[Python-Dev] Mercurial migration: help needed
mg at lazybytes.net
Sat Aug 22 11:48:58 CEST 2009
"Stephen J. Turnbull" <stephen at xemacs.org> writes:
> Mark Hammond writes:
> > On 22/08/2009 2:46 PM, Stephen J. Turnbull wrote:
> > Possibly - although I would expect the existing section names be reused
> > when applied to a versioned file, I'd be more than happy for the hg guys
> > to declare new names are appropriate for this.
> If there's already an [Encode] section, that's different. (I don't
> details, I'm not that big a Mercurial fan.) But you'd still need a
> way to differentiate win32text rules from other encoding rules.
There is a [decode] and an [encode] section:
The win32text extension works by defining new filters which can then be
used like this:
** = cleverencode:
** = cleverdecode:
(they are "clever" because they skip binary files)
>>> True, but how many people will just download the extension and
>>> enable it?
>> In the ideal world, exactly as many people who would read the Python
>> developer guide, then download and install the extension based purely
>> on that. IOW, it is Python itself setting the policy, so people need
>> to make their own decisions based on that, regardless of whether the
>> tool enforces it or not.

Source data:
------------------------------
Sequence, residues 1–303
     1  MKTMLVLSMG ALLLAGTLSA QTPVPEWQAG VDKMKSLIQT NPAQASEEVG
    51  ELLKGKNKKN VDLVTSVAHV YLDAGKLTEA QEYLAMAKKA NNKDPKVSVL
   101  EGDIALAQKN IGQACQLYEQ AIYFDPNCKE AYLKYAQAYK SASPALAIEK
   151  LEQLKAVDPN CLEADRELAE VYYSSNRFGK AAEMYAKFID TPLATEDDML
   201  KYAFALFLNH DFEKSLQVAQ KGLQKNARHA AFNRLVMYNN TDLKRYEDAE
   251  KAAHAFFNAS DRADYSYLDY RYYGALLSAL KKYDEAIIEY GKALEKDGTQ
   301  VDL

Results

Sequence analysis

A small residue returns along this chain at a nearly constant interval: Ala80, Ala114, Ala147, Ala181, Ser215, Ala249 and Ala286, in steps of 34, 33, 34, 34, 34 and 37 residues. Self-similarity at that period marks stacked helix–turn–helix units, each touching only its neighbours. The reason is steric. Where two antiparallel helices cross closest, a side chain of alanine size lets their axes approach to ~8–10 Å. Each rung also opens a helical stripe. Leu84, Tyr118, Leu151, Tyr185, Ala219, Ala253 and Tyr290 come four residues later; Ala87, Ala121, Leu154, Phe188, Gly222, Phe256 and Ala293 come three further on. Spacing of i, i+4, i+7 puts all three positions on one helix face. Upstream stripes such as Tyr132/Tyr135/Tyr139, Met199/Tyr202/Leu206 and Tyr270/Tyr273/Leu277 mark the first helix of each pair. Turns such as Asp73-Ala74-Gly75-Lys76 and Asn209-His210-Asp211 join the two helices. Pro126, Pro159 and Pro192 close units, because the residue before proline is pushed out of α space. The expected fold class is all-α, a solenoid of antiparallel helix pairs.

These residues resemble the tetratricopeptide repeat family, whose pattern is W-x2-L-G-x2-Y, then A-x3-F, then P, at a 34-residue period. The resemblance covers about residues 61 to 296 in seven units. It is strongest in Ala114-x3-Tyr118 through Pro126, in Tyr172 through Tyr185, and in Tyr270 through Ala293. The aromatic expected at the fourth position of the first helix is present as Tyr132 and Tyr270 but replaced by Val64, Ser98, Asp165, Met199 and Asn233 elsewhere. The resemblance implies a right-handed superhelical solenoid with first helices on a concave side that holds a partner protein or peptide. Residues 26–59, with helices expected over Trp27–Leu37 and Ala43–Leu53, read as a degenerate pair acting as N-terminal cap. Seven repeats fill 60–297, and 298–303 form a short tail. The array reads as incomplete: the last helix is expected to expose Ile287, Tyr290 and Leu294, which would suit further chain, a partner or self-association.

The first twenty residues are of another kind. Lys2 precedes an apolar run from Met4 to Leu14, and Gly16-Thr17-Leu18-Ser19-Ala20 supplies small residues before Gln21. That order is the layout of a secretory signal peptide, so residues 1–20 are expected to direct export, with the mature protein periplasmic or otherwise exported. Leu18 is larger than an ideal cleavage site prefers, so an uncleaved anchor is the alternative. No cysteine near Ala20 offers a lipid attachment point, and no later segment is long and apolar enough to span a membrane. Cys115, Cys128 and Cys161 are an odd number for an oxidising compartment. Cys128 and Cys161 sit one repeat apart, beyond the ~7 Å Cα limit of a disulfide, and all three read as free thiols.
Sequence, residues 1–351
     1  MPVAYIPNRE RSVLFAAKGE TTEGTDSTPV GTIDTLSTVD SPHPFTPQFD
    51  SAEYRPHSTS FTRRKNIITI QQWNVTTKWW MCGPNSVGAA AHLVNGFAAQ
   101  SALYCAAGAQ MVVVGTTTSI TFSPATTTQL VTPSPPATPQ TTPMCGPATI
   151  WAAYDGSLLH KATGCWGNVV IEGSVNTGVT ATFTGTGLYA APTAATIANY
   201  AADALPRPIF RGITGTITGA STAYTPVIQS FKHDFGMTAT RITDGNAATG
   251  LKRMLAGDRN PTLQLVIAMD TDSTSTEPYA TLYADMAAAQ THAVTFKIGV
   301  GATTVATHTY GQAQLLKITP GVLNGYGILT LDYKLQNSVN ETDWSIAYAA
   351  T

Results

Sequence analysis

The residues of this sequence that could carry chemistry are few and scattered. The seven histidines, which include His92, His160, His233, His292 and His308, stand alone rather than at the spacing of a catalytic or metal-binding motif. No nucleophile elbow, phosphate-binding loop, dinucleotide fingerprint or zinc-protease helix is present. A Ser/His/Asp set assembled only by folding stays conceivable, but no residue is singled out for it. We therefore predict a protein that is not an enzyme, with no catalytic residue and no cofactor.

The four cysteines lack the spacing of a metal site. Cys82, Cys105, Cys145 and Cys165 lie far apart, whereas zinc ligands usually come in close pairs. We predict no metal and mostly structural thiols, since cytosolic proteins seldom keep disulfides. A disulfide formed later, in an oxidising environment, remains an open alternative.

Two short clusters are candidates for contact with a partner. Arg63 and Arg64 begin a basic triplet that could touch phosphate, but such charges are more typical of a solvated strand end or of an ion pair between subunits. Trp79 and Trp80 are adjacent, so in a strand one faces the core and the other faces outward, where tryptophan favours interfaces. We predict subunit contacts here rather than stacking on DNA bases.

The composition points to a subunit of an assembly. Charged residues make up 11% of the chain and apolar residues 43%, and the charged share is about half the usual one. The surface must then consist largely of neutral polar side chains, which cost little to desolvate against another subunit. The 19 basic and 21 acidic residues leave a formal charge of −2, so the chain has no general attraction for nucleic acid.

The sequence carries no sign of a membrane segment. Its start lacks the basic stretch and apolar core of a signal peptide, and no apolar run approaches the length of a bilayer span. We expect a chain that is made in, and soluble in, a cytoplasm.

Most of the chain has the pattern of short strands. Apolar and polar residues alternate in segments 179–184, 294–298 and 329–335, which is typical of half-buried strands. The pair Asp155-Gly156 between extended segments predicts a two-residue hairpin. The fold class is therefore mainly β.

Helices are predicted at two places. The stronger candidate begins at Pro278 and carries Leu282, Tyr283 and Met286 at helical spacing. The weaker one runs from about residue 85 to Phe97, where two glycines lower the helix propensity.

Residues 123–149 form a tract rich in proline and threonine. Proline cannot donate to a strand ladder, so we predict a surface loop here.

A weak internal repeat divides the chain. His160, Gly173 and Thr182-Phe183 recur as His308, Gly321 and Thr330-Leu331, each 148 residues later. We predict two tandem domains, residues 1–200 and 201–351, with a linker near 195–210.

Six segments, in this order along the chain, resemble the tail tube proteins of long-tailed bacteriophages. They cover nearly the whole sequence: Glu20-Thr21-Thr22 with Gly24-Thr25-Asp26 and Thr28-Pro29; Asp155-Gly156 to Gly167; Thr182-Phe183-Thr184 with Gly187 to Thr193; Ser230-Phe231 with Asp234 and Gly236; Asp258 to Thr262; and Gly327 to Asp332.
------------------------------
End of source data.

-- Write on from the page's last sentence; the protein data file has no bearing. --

> You're missing the point. I'm not talking about whether it will work
> for Python, I'm talking about the worry that somebody will post a way
> cool Python branch and require a private extension, which everybody
> will just automatically install and enable, which extension then
> proceeds to phone home to Spammer Haven, Inc. with the contents of
> your email contact list. That's what I mean by "social engineering,"
> and why I worry about policy pushback from Mercurial HQ.
> Maybe that's more paranoid than they are.... But it can't hurt your
> cause to be ready for that kind of worry.
Oh, we try to be very paranoid in Mercurial :-) That's why you don't see
any support for copying hgrc files when you clone and why hg wont trust
hgrc files not owned by you: it should be safe to do
VIFF (Virtual Ideal Functionality Framework) brings easy and efficient
SMPC (Secure Multiparty Computation) to Python. See: http://viff.dk/.
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